People are expecting that big companies like Allianz will consider acquiring other companies that may not be able to make it, are you looking at that strategy?
The answer is no. We are here, we bought a company here and we are very happy with our team here and we will continue to invest in our company. Our purpose is not to consolidate the market in Nigeria, the difference between a developed market like Germany and the Netherlands and a growth market like Nigeria, Brazil or Vietaem, is that in a developed market, yes there is very little growth, the growth is one per cent so the only way you can go is to consolidate. But here in Nigeria, we are growing on the net premium basis. We are growing at 30, 40 to 50 per cent. So, why should we acquire a company? There is no logic to buying when you are growing that fast.
So, now our intention is to grow the business to turn around capital requirements, it is not logical to buy into those companies, it is not a strategy in the country like Nigeria for now. Maybe, in 20 years time, it will be a strategy but now? No. We will just grow. A good example of the strategy in Nigeria is Egypt. In Egypt, 20 years ago, we started with a very small operation and we have grown to be one of the market leaders, we are the top three market players and we do about $200 million of premium per year in the Egyptian market, which is a good size and we are happy with that. Our ambition here with Allianz Nigeria is the same, it is to grow from where we are today to be a market leader. But this doesn’t happen in one year time Maybe it will happen in five or 10 years’ time, but it will be driven by those running the business. Owolabi and his team’s efforts to grow our agents from 70 to 1000 agents selling Allianz products will help to achieve that.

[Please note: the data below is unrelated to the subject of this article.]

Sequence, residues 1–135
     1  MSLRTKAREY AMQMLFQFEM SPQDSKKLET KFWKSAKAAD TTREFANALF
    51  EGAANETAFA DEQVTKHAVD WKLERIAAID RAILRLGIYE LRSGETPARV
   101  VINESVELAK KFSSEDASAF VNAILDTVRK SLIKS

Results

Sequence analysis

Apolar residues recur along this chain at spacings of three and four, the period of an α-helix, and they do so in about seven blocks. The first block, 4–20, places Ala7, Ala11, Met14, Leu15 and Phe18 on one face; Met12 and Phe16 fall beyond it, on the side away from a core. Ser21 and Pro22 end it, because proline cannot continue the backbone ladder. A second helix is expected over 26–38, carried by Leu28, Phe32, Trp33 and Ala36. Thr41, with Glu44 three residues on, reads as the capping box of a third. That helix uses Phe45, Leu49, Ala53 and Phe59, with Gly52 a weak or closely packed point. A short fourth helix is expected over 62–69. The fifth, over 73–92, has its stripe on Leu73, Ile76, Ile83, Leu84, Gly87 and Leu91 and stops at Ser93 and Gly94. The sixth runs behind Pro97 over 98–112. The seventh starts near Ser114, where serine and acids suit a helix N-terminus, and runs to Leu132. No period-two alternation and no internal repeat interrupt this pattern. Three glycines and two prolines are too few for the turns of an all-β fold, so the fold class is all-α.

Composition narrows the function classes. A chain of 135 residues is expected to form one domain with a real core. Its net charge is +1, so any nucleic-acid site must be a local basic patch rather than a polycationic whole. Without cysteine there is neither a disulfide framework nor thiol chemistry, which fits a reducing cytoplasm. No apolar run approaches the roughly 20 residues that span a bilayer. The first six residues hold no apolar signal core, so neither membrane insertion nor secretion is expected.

What is your current capital and how much are you expected to add?